Highend GPU: We use Nvidia Geforce GTX 1080Ti that provides enormous computing power. We also use GTX Titan X (Maxwell) for fair comparison with previous methods.
We adopt two tools to measure inference speed. First, we employ the widely used highperformance CNN inference framework TensorRT3.0.4. Second, for a fair comparison with ICNet [33]
, we use the time measure tool Caffe Time, and set the repeating number to
and take the average inference time for comparison. All experiments are performed under CUDA 9.0 and CUDNN V7.We conduct experiments on two benchmark datasets. The ImageNet [7] is a largescale image classification dataset, which contains over 1.2 million color images in the training set and 50k color images in the validation set. The Cityscapes [6] is a large benchmark dataset for urban scene parsing. It contains images with high quality pixellevel annotations, and is split to for training, for validation, and for testing.
4.2 Backbone Architecture Search
In contrast to current architecture search algorithms that conduct architecture searching on small datasets, we directly conduct architecture searching on ImageNet. We use the SGD optimizer with the poly learning rate policy to train models. The power is set to , and the momentum is set to . We use a weight decay of . The batch size is set to . We employ random scaling and stretching for data augmentation to relieve overfitting. Following [10], we first train each network for epochs with learning rate as a warm up scheme, and then train for epochs with an initial learning rate .
We conduct backbone architecture searching experiments on TX2 platform. During searching, we evaluate the single crop Top1 accuracy on ImageNet validation set and the inference latency at resolution . We are interested in the efficient architectures with latency falling in the range , and construct the search space accordingly (Section 3.2). We conduct architecture search with Algorithm 1, and stop the search process when no remarkable boundary update is found during the search. The resulting speed/accuracy tradeoff boundary is considered to be nearly optimal in our search space on the target platform TX2. We train networks in total, as shown in Figure 7. With the training configuration kept unchanged during architecture search, we train two representative network architectures with additional supervision [26] and more epochs, to further improve their accuracy. The resulting models are referred to as DF1, DF2. We further replace some of the building blocks in DF2 from basic block in Figure 2 to bottleneck block [12]. The resulting network is denoted as DF2A. Figure 7 and Table 1 give a comparison of our DF networks and popular models^{2}^{2}2We report latency with our reimplementation. on the target platform TX2. Table 2 shows detailed architectures of these three DF networks. Training with more sophisticated methods, e.g. dropout or label smoothing, may produce higher accuracy, which however is not the focus of this paper.
Model  Top1 Acc.  Latency (ms)  FLOPs 

ShuffleNet_V2 [20]  69.4%  4.1  146M 
ResNet18 [12]  69.0%  4.4  1.8G 
ShuffleNet_V1 [32]  67.4%  4.7  140M 
GoogLeNet [26]  68.7%  5.1  1.43G 
MobileNet_V1 [13]  70.8%  6.1  569M 
MobileNet_V2 [25]  71.9%  8.7  300M 
ResNet50 [12]  75.3%  10.6  3.8G 
FBNetA [28]  73.0%  5.9  249M 
ProxylessNASGPU [2]  75.1%  9.3   
NASNetA [36]  74.0%  20.7  564M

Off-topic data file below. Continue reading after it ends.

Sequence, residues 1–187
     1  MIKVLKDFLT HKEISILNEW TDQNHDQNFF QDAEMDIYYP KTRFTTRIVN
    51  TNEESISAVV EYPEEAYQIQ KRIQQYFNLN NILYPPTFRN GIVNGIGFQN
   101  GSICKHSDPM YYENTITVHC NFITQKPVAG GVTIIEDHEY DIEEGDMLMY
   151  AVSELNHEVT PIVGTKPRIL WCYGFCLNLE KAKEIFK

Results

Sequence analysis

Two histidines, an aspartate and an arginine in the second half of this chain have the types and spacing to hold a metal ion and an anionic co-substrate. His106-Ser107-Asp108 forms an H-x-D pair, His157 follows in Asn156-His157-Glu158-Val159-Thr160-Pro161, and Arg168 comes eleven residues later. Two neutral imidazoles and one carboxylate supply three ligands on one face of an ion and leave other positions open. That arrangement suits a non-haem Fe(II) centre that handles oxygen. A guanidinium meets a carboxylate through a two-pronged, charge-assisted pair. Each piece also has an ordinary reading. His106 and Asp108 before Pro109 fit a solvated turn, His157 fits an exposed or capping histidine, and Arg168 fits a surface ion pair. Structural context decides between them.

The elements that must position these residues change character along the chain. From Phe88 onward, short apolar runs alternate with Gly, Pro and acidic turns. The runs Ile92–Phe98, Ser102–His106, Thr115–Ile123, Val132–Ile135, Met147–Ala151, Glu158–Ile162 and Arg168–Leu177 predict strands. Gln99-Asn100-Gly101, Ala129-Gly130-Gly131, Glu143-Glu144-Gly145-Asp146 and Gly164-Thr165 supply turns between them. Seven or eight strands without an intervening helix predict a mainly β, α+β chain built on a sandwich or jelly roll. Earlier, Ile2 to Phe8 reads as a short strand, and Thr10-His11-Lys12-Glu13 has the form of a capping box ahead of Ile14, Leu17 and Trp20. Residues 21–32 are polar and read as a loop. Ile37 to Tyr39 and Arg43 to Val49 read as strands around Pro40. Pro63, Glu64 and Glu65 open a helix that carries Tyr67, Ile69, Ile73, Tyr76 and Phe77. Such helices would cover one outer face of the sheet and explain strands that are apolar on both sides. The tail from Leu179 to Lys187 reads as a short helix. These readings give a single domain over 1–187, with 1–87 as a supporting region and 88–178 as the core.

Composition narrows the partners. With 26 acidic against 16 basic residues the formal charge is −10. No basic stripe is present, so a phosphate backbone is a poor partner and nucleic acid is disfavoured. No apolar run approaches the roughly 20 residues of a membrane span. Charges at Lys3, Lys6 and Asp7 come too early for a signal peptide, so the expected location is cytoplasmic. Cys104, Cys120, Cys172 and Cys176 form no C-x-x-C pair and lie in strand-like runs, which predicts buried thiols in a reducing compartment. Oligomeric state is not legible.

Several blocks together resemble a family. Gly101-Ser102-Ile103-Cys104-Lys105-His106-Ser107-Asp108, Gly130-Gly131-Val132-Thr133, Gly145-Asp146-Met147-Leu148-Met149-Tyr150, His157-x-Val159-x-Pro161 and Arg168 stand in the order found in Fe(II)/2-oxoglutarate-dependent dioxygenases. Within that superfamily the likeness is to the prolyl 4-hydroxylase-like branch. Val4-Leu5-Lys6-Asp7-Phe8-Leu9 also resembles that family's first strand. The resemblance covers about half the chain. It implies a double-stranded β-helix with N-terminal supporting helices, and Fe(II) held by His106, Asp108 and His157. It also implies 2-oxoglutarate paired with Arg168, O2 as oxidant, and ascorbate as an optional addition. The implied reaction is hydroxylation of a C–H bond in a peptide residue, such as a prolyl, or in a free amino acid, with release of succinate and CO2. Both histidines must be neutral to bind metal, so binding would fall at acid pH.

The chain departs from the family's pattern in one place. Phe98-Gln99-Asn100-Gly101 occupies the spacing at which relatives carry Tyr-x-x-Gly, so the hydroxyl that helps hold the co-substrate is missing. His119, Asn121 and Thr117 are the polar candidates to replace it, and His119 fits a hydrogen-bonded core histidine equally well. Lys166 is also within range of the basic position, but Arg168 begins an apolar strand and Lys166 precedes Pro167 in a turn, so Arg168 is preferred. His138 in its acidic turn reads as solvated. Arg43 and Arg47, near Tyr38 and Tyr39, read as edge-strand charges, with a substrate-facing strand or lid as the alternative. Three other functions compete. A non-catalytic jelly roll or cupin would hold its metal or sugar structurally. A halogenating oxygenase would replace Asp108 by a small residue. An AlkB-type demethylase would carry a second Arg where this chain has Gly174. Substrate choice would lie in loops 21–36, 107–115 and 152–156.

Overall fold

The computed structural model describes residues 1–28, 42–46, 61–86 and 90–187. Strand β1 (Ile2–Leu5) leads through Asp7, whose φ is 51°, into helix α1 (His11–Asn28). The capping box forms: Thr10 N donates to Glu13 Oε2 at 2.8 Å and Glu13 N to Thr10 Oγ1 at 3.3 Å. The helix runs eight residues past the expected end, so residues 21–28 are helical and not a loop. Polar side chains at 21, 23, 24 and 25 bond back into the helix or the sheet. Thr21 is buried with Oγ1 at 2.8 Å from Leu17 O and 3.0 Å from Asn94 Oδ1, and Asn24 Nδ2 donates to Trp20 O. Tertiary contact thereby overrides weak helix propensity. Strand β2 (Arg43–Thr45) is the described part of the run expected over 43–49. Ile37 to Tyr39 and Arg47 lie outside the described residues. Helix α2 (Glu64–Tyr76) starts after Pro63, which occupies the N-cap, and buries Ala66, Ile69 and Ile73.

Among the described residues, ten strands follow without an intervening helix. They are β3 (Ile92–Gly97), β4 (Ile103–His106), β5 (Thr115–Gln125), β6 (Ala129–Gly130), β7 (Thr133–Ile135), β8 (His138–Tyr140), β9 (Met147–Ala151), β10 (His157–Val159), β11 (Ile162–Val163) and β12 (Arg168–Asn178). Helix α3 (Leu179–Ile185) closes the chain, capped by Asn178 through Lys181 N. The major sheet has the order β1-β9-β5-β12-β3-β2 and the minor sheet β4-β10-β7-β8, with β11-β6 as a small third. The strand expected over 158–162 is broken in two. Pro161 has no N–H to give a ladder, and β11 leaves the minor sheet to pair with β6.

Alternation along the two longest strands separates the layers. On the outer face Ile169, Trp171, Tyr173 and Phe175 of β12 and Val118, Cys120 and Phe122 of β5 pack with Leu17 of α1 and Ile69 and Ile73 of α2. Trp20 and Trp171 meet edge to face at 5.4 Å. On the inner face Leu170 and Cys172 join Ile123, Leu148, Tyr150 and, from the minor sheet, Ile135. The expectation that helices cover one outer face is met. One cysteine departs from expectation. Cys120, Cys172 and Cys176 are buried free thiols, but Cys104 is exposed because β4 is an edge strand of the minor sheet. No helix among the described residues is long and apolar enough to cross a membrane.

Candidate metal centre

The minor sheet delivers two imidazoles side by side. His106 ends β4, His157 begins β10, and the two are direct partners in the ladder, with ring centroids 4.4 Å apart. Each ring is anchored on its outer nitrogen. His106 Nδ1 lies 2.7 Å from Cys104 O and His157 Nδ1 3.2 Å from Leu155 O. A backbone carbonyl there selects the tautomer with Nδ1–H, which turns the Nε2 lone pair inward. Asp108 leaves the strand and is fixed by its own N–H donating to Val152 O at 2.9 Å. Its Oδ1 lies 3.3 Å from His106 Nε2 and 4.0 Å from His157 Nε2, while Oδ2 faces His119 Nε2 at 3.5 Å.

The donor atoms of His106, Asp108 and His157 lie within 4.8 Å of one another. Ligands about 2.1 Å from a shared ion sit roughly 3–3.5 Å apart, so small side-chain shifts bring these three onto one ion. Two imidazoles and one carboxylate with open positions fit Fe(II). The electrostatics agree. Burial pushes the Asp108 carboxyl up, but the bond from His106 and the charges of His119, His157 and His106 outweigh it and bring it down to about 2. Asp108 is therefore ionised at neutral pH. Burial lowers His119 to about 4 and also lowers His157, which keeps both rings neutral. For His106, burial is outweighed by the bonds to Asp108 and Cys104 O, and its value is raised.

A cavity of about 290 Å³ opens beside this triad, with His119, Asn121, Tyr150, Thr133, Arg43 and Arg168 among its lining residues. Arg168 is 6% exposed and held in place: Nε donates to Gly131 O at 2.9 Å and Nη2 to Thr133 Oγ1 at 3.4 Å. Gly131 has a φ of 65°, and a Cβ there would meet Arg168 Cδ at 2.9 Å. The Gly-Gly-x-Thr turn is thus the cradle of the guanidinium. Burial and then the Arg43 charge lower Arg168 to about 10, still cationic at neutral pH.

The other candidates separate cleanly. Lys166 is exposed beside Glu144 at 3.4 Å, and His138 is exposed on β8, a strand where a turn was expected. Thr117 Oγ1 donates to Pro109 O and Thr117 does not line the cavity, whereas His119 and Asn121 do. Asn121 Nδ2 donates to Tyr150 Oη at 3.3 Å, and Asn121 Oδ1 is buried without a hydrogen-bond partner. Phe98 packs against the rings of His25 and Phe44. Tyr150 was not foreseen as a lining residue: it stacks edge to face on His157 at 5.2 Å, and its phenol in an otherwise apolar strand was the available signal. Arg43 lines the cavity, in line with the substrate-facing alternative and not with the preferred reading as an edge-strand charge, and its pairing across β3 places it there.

PNASNET5 [18]  74.2%  27.6  588M 
DF1  69.8%  2.5  746M 
DF2  73.9%  5.0  1.77G 
DF2A  76.0%  6.5  1.97G 
Stage  Layer  Output size  DF1  DF2  DF2A 

1  Conv1  
2  Conv2  
3  Res3_x  
4  Res4_x  
5  Res5_x  
6  FC  Global Average Pooling, 1000d FC, Softmax.  
Depth 
Compared with ResNet18 and GoogLeNet, our DF1 obtains a higher accuracy but the inference latency is , lower than two baselines respectively. our DF2 has a similar latency but the accuracy is and higher than the baselines respectively. Furthermore, DF2A achieves a surpassing ResNet50level accuracy with a lower latency. Note we use the same building blocks with ResNet18/50. So we attribute the better speed/accuracy tradeoff to the better balancing between depth and width in our architectures. Specifically, our DF1/DF2A are slimmer and deeper than ResNet18/50 for obtaining the same accuracy.
MobileNet [13, 25] and ShuffleNet [32, 20] are stateoftheart efficient networks that are designed for mobile applications. We also compare our DF networks to them on TX2 in Table 1 and Figure 7. It can be seen our DF1 achieves higher accuracy but lower inference latency. The MobileNet/ShuffleNet have less FLOPs but higher latency. This is because they have higher memory access cost. The total memory cost (i.e. intermediate features) for ShuffleNet_V2 and DF1 is 4.86 and 2.91 respectively. This also indicates the FLOPs may be inconsistent with latency on the target platform [27, 20]. Therefore, taking characteristics of target platform into consideration is necessary for achieving the best speed/accuracy tradeoff.
We also compare our DF networks with other models searched by NAS methods [36, 18, 28, 2]. As shown in Table 1, NASNet [36] and PNASNet [18] have not taken latency into consideration, leading to higher latency. Comparing to FBNet [28] and ProxylessNAS [2], which also take target platformrelated objectives into neural architecture search, our DF networks show better speed/accuracy tradeoff. This can be explained as (a) DF networks are specifically searched for TX2 platform; (b) FBNet and ProxylessNAS use an inverted bottleneck module, which brings more memory access cost; (c) FBNet and ProxylessNAS aim at searching for better building block architectures while we balance the width and depth of the overall architecture.